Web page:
Senior shares information on fly fishing for trout in Texas


Every year when the leaves decide to fall off the trees and the October floods have pushed through November, there is a time period when people in Central Texas have the rare opportunity to fly fish for trout.


Trout fishing (among rainbow and brown trout species) is generally native to mountainous regions, most commonly Colorado, Wyoming, Montana, Georgia and North Carolina. This is due to the natural cold water that flows through the mountain streams where these trout can thrive. In Texas, the water is too warm year round for the fish. However, when December rolls around and the water is consistently below 50 degrees, the Guadalupe River becomes habitable for small trout. Now, these trout aren’t naturally found in this river on the west side of San Antonio. These fish are stocked from two organizations, Texas Parks and Wildlife and Trout Unlimited. The first stock will come from Texas Parks and Wildlife and will be available starting Dec. 4.


Down on a small campsite in New Braunfels is a company named Rio Raft. This company serves as a starting point and general spot for fishermen to enter the river while still central to I-35 and nearby towns. I’m not going to tell you any of my spots, but if you are starting at the base of Rio Raft at the river, you are bound to catch fish up and down any section of your choice.


If you’re making yourself a checklist for a fishing trip, like I always end up doing, then you should have some specific things on your paper. Your rod, your reel, your location, your transportation (I generally like to leave Austin at 6 a.m.), your waders and boots (necessary) and your hackle.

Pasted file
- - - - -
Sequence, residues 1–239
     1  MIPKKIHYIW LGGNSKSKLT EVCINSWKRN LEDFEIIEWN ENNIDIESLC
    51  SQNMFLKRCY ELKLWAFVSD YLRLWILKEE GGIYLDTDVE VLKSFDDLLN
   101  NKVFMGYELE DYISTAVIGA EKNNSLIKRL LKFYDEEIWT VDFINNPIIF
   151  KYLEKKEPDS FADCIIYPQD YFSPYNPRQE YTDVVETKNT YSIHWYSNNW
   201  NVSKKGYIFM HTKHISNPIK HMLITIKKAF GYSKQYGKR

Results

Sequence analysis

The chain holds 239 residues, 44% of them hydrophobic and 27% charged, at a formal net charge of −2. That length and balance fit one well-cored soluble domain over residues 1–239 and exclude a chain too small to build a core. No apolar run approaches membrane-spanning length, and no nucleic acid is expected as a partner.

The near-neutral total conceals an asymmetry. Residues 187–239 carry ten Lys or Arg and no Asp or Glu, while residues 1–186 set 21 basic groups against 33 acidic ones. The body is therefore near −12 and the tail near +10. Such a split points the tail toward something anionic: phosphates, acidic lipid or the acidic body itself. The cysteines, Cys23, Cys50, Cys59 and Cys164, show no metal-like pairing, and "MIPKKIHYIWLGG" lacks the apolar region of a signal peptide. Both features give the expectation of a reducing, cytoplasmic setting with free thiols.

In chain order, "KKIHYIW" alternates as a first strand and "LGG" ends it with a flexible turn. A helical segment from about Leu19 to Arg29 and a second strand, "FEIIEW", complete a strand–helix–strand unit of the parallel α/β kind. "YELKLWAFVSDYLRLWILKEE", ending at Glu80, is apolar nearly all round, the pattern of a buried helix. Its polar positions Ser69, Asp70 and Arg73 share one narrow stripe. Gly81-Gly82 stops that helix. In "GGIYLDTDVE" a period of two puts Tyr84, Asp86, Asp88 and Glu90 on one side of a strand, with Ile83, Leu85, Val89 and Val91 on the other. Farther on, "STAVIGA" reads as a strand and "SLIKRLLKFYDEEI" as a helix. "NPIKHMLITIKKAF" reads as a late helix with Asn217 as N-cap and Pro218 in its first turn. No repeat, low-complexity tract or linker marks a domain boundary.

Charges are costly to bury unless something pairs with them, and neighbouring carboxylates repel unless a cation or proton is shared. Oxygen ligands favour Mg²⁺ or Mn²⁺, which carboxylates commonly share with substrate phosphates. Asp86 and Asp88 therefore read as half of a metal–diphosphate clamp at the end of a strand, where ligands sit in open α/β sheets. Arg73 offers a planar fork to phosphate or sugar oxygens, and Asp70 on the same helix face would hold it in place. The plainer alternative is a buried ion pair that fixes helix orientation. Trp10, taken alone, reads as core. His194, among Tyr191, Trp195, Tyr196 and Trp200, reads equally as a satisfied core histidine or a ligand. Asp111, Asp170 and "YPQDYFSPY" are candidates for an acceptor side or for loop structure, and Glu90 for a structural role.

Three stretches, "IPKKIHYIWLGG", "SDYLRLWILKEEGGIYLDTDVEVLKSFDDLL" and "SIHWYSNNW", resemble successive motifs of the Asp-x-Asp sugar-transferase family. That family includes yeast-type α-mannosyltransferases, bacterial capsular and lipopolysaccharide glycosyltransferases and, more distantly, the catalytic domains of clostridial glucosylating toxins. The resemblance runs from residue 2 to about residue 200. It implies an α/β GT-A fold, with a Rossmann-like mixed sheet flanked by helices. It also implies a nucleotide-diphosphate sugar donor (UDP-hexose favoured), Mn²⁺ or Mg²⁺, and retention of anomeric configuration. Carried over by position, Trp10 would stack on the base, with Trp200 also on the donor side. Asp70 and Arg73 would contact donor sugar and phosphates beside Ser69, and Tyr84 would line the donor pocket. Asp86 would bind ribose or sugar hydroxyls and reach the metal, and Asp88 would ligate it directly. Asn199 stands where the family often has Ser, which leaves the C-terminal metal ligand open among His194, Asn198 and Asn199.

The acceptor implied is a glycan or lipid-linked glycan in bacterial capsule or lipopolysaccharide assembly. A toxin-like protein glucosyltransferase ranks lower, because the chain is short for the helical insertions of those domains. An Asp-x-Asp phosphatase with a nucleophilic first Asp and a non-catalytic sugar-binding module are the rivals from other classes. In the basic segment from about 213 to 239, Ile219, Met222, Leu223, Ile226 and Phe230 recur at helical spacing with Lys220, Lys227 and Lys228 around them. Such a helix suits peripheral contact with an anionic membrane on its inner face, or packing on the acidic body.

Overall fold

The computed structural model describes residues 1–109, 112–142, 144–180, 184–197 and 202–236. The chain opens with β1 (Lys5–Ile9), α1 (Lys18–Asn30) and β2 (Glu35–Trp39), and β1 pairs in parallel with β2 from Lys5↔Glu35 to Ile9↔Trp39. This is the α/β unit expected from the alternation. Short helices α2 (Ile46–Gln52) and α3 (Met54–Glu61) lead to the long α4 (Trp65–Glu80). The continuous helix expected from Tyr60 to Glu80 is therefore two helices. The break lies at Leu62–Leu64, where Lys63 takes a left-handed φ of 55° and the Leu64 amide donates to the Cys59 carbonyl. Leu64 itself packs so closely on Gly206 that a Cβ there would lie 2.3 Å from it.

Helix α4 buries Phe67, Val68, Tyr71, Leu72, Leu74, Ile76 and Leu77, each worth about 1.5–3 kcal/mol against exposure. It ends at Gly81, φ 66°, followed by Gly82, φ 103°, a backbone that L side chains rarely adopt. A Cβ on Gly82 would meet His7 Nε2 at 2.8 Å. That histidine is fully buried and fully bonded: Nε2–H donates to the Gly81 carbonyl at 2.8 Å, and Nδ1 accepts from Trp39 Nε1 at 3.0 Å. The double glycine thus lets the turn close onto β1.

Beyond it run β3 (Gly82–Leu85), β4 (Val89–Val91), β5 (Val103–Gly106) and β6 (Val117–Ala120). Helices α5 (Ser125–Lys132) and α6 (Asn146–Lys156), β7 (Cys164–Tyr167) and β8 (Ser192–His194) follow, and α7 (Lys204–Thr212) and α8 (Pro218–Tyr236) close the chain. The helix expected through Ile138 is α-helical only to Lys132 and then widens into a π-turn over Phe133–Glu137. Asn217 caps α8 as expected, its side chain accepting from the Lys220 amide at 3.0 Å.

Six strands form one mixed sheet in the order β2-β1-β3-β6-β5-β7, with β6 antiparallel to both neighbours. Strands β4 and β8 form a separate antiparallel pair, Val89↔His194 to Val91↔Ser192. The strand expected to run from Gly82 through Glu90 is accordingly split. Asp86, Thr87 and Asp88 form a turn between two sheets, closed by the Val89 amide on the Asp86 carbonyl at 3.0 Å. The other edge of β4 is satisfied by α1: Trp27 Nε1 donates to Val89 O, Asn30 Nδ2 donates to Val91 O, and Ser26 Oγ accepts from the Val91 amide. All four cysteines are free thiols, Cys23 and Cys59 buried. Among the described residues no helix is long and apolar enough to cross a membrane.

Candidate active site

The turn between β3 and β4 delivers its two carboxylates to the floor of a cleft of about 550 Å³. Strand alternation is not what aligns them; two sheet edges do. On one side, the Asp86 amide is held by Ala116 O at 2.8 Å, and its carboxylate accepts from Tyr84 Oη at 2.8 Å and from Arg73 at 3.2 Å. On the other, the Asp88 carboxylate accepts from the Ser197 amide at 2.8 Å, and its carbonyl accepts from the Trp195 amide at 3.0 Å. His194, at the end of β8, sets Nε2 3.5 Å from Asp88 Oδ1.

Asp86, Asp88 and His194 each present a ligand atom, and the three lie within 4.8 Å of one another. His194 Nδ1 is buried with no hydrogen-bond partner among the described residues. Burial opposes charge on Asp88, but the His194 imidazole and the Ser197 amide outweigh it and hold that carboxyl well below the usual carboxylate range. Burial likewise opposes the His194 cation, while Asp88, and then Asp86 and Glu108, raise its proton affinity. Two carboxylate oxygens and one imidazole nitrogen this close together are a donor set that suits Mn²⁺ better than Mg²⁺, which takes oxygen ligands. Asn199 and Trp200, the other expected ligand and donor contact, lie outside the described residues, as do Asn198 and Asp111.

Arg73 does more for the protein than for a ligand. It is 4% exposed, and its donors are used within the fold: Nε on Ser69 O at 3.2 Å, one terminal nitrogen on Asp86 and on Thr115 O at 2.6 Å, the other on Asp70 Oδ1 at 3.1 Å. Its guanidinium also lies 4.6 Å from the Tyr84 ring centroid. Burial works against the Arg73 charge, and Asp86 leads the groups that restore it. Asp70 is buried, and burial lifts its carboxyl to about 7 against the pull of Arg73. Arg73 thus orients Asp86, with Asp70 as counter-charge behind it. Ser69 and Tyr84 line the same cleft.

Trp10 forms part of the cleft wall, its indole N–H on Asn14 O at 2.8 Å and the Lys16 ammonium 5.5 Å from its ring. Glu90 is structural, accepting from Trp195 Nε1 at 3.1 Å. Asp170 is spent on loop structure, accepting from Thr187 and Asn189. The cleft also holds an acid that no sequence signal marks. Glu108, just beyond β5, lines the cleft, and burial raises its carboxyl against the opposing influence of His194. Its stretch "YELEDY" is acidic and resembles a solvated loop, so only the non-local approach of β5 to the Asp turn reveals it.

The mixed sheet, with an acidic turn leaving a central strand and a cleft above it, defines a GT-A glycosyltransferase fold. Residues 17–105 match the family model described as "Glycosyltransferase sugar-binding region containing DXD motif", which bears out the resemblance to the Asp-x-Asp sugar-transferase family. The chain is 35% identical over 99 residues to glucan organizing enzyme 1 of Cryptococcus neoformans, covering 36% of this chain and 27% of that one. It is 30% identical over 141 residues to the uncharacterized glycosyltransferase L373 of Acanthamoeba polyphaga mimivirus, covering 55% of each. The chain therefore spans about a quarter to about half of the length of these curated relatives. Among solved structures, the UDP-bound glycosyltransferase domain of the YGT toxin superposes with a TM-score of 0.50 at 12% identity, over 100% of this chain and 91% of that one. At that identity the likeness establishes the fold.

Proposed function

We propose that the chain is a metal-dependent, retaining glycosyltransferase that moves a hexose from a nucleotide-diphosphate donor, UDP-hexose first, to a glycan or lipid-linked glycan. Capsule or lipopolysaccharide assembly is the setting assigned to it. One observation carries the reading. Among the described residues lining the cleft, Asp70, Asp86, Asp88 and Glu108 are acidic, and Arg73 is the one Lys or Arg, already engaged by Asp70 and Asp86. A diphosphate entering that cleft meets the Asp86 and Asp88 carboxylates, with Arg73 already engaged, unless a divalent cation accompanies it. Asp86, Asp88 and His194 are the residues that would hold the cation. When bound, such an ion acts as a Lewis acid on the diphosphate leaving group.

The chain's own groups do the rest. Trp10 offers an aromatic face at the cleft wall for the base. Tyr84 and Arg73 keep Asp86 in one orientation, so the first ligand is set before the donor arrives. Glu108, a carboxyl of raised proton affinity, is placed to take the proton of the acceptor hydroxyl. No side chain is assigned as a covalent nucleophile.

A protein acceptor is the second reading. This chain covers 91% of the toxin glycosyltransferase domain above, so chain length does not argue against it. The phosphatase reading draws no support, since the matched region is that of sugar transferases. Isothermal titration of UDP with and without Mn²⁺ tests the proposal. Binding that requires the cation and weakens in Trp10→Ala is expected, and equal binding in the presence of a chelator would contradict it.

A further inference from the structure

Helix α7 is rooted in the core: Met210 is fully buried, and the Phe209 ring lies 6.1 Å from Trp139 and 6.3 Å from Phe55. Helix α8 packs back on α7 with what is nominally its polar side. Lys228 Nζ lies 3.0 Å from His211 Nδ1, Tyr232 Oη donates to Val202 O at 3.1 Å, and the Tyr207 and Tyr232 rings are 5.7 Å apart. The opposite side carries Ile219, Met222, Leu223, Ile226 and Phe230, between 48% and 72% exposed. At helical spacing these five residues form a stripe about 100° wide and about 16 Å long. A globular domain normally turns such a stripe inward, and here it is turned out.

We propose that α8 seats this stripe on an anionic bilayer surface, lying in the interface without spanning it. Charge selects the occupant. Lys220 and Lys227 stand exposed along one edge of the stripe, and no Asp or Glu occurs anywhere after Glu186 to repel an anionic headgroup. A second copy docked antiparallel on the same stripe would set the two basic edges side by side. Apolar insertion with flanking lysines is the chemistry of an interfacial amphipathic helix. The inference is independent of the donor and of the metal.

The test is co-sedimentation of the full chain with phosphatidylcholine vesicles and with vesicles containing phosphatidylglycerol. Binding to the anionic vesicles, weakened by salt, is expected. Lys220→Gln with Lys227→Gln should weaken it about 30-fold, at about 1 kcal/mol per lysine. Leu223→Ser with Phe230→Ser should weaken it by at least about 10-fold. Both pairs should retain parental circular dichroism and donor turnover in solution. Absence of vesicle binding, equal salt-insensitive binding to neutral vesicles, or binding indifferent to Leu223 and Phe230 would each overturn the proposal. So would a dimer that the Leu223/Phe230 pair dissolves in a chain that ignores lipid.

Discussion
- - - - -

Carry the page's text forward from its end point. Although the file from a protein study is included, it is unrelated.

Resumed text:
The hackle is where things get tricky on the Guad. When the stock is first placed, the trout are young and have a spawning mentality, so I have heard lots of advice to try out small egg replicas or brightly colored nymphs to mimic insects or eggs. As the season gets older and the trout get adjusted to the river, my friends and I have found that double rigging disco nymphs on a long leader works very well. The reason I am emphasizing long is because this is the ultimate tip to fishing the Guadalupe River. The water, while colder than other streams, is still warm compared to the mountain streams these trout are seasoned to, so they like to swim near the riverbed, where it is colder. These trout are very hungry, but for the longest time I could not figure out why they weren’t biting, and it wasn’t until I increased how deep I put my flies that I started catching more and more.


The Guadalupe is a ton of fun to fish with friends. It offers a beautiful stretch of water in a very close location – only 45 minutes from Austin. Don’t expect to be catching six pounders, as the stock usually only consists of fish that will get up to around 15 inches, but don’t be dissuaded by that thought, as the location is easy and unique to the area.

Once you have your fill of fishing for the day, there is an awesome hamburger place on the road out of Rio Raft, right before you turn right to head towards I-35. This restaurant serves as a good stop for lunch where you will probably run into other fishermen. If you’re really feeling the adventure, you can camp out of your car in Rio Raft in order to get an early morning start, but make sure you pack warm gear because December nights in Texas always bite a little harder than you expect them to.

Good luck and happy fishing.